The U.S. consumer is under attack and the bullish case for equities is becoming less and less defensible.
The rose-tinted view that has driven the S&P 500 to current levels is becoming more and more difficult to justify. As uncertainty around the Middle East mounts, highly significant factors behind the global economy, such as oil, are becoming more and more of a concern for investors. The revolution sweeping through the Middle East is driving oil prices higher as the timeline, geography, and repercussions of the political turmoil remain in flux.
With its downgrade of Spain’s credit rating earlier this week, Moody’s reminded us of the significant problems with the Eurozone’s sovereign debt issues. And last night’s earthquake in Japan only adds to the global uncertainty.
Here in the U.S., inflation is a tax on the consumer and, as such, the broader economy. In fact, I would posit that inflation (inclusive of things people actually buy, like gasoline, food and clothes), is a more devastating drag on the consumer than allowing the Bush tax cuts to expire. Inflation is taxation without the consent of the vast majority of those affected.
With the past two years having seen the second largest upward two-year move in equities since the period from 1953 to 1955, inflation is derailing the markets — some to a greater extent than others. In the end, as in 2008, risk is always on and it is always interconnected. As oil climbs higher, threatening growth at a time the U.S. economy can ill-afford it, the recovery scenario that has been priced into the markets starts to look less impenetrable, less defensible.
Currently, my attention is firmly focused on the consumer. The spread between consumer expectations and present situation sentiment is at peak levels. Employment has been improving on the margin but, as I see it, two factors along the risk spectrum could spoil the U.S. equity market party that has been raging since 2010: Gasoline prices can keep rising and interest rates can go up. The magnitude of a possibly interest rate increase is unknown but (think Volcker) there is precedent for sharp, short, expedient increases in interest rates when inflationary pressures merit it.
The pressure for the US to raise interest rates is growing by the day. Jean-Claude Trichet is telling the world that Europe is ready to raise rates and Timothy Geithner no doubt is begging them not to. One small reason Europe needs to raise interest rates is the fact that European gasoline prices are at an all time record of $8.632 per gallon. European Central Bank Governing Council member Axel Weber has stated that, “Inflation may be more sustained and more fundamental than the ECB’s latest projections suggest” and that he sees “considerable future price pressures.”
This divergence in rhetoric between the USA and EU poses an interesting dilemma for investors. We know from experience that any faith in policymakers in Brussels or Washington being able to manage through this situation seamlessly is gravely misplaced. We were reminded of this last week on CNBC when Alan Greenspan said, “The one thing we all pretend we can do but we can’t, is forecast.”
Here in the U.S., the consumer is now under attack as inflation squeezes like it’s 2008. Consumers may still maintain a rosy outlook, but mounting costs at the grocery store and at the pump will almost certainly recalibrate their expectations.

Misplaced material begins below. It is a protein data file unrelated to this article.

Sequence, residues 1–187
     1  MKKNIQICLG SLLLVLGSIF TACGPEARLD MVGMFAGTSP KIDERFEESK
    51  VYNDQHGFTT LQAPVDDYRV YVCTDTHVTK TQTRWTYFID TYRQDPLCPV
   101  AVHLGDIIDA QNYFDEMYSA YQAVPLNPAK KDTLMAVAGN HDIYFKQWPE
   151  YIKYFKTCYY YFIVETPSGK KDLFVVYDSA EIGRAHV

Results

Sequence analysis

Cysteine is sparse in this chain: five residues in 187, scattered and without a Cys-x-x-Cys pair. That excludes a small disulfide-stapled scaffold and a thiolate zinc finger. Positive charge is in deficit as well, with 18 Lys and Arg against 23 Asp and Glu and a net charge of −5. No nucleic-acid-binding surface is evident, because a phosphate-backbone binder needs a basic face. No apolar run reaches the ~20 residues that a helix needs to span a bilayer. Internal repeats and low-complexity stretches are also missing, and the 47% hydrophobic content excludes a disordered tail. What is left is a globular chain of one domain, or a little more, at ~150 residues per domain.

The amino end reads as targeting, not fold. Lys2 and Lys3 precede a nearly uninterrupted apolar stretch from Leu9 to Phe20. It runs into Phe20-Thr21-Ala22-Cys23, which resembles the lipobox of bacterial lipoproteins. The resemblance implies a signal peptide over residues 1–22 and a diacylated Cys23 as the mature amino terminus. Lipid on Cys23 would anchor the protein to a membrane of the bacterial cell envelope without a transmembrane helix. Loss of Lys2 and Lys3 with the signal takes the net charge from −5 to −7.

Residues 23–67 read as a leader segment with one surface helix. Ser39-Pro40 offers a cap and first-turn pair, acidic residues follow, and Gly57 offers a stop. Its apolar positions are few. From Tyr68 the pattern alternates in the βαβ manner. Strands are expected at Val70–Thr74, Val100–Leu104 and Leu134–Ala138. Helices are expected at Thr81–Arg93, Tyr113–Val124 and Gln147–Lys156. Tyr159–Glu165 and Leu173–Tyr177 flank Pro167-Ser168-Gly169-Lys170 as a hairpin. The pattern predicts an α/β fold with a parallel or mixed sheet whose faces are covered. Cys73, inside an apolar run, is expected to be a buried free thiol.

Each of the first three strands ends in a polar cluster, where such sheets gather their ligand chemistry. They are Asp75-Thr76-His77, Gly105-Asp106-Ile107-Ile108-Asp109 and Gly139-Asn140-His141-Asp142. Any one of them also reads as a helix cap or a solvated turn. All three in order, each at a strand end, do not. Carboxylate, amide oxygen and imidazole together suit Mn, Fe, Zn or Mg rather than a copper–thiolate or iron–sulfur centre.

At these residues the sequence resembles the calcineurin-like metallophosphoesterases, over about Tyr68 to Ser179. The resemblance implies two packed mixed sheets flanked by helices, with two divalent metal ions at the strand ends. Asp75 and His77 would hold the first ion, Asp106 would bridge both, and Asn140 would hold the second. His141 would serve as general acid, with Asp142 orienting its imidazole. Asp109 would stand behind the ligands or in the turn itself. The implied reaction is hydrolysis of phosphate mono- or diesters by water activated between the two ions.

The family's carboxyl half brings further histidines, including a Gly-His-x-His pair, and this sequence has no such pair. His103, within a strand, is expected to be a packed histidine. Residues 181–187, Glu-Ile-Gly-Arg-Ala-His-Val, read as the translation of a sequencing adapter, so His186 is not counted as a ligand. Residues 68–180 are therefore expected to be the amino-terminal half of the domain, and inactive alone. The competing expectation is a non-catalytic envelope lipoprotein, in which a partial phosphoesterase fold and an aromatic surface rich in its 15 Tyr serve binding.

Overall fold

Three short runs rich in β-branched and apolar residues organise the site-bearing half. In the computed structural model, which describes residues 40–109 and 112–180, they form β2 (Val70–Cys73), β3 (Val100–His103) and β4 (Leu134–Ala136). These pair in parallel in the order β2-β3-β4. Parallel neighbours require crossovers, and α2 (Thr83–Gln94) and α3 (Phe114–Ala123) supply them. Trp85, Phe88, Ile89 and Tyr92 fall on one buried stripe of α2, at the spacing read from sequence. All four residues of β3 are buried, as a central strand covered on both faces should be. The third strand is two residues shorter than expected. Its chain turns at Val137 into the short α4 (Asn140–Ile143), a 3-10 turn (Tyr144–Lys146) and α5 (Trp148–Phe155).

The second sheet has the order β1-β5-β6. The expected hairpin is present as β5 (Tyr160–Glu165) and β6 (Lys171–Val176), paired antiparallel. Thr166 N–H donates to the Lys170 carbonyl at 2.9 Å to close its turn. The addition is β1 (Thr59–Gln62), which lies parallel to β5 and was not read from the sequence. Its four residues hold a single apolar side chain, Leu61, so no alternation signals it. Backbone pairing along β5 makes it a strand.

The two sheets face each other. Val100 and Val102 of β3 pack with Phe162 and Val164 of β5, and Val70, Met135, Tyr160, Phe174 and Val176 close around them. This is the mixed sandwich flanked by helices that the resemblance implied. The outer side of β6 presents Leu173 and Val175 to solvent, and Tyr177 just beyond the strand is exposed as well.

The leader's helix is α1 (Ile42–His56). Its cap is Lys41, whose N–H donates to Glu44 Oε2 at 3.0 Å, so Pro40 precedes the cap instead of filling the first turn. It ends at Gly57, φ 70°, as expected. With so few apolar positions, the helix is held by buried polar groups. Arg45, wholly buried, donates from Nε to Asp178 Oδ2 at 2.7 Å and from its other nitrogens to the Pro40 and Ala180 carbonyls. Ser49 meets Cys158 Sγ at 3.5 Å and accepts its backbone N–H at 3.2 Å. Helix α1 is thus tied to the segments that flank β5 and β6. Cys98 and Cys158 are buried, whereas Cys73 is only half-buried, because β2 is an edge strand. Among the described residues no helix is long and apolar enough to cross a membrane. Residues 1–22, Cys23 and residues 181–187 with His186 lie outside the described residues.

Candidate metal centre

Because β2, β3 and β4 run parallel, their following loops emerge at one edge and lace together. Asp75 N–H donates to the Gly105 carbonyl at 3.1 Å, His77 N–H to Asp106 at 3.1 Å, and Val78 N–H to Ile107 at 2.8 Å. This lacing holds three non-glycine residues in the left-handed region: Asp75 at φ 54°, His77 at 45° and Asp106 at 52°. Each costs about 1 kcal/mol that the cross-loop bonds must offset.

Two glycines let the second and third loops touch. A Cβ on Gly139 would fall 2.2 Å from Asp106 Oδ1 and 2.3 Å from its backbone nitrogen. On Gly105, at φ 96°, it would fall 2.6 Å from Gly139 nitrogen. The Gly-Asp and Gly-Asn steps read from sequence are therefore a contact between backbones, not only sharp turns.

After losing some momentum in recent months, the recovery of new vehicle sales regained steam in February. Having said that, GM (GM) and Ford (F) stock can’t get out of their own way; GM is down nearly 15% year-to-date and is trading below the $33 IPO price. Is consumer pent-up demand supporting the rise in vehicle sales? The stocks of the automobile makers are telling a different story.
Yes the labor market momentum is building, as expected payroll gains strengthened measurably in February, following the weather-induced weakness in January. The unemployment rate was a surprise at 8.9%, but it is likely an aberration as more discouraged workers than previous months did not enter the labor force. We see an intermediate-term bottom in the unemployment rate.
The gradual improvement in the labor market is benefiting consumer income trends. Real disposable income growth late last year was the fastest since the fall of 2007. The rate of growth is still far from robust; there are two factors that are limiting income: (1) the selective nature of the recovery, and (2) declining government support.
Despite a surge in personal income growth, real spending declined in January. Real personal consumption expenditures slipped by 0.1%, marking the first decline since April 2010. Nominal spending rose by 0.2%, which was about half of the average pace from the previous six months.
The inflation tax will likely erode optimism as reality for the US consumer sets in. According to the latest American Pulse Survey of 5,224 respondents, 80.3% of registered voters agree that the increase in gas prices is one of the worst problems affecting the United States. The survey asked respondents to list the worst problems currently affecting the United States, and registered voters mentioned in order of frequency: unemployment (80.4%), rising gas prices (80.3%), weak economy (70.6%), national debt (69.4%) and rising food prices (61.9%).
The U.S. consumer is under attack and the bull case for equities to withstand escalating input costs is becoming less and less defensible.
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